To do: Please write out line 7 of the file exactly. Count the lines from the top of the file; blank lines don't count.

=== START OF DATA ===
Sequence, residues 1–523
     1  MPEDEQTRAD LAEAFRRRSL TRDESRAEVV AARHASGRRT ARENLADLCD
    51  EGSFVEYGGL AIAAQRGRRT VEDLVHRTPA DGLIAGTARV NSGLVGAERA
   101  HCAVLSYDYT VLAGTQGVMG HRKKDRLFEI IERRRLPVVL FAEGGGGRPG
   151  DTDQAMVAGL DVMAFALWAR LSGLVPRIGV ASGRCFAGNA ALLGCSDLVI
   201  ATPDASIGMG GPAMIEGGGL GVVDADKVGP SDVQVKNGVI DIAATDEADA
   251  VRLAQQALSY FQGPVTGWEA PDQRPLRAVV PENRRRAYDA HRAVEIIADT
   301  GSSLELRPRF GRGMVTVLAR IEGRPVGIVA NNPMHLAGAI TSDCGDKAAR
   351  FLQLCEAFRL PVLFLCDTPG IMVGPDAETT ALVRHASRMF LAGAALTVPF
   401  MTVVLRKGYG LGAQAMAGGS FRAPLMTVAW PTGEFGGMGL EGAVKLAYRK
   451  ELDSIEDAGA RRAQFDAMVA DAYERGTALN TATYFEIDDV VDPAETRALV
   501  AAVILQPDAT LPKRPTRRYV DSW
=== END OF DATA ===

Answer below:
   251  VRLAQQALSY FQGPVTGWEA PDQRPLRAVV PENRRRAYDA HRAVEIIADT